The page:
To Create While Homeless: the High Price of Art
How do you define “artist”? Do you consider artists to be sculptors or painters with works displayed in world-class museums? Artisans and craftspeople who produce utilitarian items like baskets or blankets? Bohemian creatives who make objects and images as artistic representations of their experiences? It turns out that “artist” is a kind of catch-all word we can use to describe a person who envisions, designs, or fabricates things of use and/or beauty…so, an artist can be anyone in any circumstance. Sometimes, the circumstance informs the art. Consider that of homelessness.
“Throughout history, many artists, particularly those who were women and people of color, would have been marginalized and impoverished had they not practiced their craft, and been paid for it. In the U.S., the estimated 567,000 people who are unsheltered or the more than 17 million living in extreme poverty have fallen through the gaps in our increasingly inadequate social safety net. Many have jobs but are not paid a liveable wage. They cannot afford the housing options in their area; they live in cars, tent camps, local shelters, or on the streets. Lack of affordable housing and inadequate income remain the leading causes of houselessness in the US, according to the National Law Center of Homelessness and Poverty.”
~ from nonprofit news organization Next City, “For Whom, By Whom: For People Who Experience Homelessness, Art Catalyzes Economic Mobility and Rewrites the Narrative”
Art classes for transient artists are hard to find. Studio space is scarce. Quality art supplies and materials are expensive. And when these things are available, they aren’t easy to access when you’re homeless. Lack of access contributes to being a “starving artist” who struggles to make a living wage as a creative and is one of the greatest obstacles for many artists, but especially those experiencing homelessness. Too many know the high price of art. But there is hope.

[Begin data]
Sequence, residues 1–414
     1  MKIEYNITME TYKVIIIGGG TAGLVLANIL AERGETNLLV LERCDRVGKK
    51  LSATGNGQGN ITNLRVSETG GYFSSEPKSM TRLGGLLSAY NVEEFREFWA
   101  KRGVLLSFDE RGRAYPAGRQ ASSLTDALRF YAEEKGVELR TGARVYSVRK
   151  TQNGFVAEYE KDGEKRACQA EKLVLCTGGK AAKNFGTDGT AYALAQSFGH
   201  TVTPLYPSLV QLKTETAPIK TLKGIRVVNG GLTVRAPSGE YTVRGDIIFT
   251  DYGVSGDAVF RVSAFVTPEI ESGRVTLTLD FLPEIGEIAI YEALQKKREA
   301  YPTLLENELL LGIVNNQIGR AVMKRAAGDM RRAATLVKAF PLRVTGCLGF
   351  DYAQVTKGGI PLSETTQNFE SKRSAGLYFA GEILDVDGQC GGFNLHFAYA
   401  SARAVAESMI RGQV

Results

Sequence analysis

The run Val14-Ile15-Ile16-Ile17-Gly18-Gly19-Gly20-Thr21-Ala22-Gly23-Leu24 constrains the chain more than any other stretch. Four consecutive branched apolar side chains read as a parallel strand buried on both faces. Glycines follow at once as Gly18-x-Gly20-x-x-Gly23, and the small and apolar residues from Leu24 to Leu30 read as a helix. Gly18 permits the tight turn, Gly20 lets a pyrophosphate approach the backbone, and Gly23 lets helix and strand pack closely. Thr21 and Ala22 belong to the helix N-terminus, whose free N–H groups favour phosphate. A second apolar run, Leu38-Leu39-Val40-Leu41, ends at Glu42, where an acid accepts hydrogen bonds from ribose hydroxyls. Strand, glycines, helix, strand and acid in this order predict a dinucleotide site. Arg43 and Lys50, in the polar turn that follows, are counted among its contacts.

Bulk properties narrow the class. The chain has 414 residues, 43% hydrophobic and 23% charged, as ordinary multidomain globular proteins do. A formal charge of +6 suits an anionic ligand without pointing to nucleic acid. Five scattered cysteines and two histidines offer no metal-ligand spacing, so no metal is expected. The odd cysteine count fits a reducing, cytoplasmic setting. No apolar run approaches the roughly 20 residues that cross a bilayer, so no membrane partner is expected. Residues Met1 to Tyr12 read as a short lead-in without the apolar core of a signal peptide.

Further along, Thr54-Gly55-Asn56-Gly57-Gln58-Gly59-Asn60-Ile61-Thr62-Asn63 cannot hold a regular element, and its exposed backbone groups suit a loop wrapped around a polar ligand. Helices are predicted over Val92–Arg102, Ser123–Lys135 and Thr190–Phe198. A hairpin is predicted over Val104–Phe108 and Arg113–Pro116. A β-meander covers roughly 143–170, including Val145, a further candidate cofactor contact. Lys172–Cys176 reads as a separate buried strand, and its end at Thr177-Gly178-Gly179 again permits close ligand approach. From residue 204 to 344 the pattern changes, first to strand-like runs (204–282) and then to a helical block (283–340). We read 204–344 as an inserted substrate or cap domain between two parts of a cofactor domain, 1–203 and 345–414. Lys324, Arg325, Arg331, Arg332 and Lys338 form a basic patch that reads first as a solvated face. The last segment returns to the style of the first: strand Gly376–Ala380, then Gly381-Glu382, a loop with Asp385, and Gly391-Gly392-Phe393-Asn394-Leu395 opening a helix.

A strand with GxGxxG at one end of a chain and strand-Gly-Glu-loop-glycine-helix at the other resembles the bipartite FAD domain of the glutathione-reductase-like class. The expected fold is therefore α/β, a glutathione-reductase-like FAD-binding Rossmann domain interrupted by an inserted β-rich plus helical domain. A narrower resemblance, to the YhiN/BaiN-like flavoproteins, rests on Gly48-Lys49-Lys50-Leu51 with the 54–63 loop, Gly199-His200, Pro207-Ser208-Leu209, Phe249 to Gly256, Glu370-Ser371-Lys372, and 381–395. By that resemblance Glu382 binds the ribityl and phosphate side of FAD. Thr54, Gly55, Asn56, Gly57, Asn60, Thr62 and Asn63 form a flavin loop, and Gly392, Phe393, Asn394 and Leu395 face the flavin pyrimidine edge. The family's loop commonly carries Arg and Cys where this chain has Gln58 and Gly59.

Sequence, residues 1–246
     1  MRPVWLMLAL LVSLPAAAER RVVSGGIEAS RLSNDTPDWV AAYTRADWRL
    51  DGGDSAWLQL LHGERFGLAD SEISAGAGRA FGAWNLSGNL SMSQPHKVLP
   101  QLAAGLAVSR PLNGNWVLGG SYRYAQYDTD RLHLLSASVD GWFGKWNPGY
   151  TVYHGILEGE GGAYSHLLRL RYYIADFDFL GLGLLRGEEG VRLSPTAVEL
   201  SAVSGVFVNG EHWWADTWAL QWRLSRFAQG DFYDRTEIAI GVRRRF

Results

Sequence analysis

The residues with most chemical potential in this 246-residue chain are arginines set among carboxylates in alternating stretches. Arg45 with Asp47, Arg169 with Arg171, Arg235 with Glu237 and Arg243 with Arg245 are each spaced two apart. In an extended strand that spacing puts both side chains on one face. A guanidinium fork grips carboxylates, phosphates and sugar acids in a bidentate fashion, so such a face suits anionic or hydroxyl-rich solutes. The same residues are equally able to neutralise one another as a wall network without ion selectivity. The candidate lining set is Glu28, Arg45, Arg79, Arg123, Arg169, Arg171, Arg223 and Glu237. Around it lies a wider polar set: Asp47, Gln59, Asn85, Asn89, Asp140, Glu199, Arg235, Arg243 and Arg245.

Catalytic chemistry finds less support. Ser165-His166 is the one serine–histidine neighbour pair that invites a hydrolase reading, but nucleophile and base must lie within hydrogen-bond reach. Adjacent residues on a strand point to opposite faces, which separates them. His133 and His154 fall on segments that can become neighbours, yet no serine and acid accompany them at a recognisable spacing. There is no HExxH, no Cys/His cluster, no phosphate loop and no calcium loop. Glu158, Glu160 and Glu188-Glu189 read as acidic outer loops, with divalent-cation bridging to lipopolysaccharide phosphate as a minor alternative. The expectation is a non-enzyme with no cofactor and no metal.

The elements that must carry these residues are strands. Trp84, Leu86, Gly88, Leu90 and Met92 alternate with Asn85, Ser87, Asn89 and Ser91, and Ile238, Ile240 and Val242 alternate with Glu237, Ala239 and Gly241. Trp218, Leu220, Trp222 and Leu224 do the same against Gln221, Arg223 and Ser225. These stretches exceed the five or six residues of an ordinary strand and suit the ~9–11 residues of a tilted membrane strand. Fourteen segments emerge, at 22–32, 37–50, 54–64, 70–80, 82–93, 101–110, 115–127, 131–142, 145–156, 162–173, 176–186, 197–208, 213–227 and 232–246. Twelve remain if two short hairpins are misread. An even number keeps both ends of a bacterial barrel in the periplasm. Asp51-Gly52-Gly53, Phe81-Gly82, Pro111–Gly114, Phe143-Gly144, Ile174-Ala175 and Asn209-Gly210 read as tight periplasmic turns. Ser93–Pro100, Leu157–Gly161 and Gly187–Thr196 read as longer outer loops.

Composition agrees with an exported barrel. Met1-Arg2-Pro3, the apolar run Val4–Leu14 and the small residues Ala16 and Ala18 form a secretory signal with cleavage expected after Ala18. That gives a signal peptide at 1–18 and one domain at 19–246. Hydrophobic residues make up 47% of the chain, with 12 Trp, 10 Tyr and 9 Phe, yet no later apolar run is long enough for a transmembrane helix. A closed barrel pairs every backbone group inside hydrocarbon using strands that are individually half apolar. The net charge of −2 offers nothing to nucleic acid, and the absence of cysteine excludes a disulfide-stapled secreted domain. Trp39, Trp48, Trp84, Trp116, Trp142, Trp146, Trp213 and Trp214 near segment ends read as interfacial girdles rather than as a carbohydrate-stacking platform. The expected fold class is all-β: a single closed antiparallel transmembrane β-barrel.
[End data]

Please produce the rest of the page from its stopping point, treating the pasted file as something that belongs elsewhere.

There are many creatives in cities around the world who have or are currently experiencing homelessness. But there are people who want to help. In Austin, Texas, for instance, there are many transient artists. To focus on their art, they seek out resources like those provided by Art From the Streets. This nonprofit organization offers assistance to local transient artists by providing them with a social environment that is non-judgmental and safe. It is a nurturing environment where they can create.
Benefits experienced by many of the Art From the Streets artists include stress reduction and improved physical and mental wellness. Artistic endeavors often help the artists deal with general stress, calming and relaxing the artists as they work. And they improve both psychological and physical wellbeing; viewing and creating art has been found to reduce the experience of pain, as well as decrease feelings of anxiety and depression.
Another advantage of creating art noted by transient artists is a burgeoning sense of self-confidence through self-expression. The creative process is often therapeutic in these ways: it helps many people process their feelings and emotions, explore who they are or who they want to be, and express themselves in an authentic way.
Art From the Streets is an Austin-based 501(c)(3) non-profit organization that was established in 1991 to give transient people a way to develop as artists and to use their creativity to climb out of homelessness. Purchasing artwork supports the artists directly. Donating to our program helps us to offer a free Open Studio for the homeless and at risk.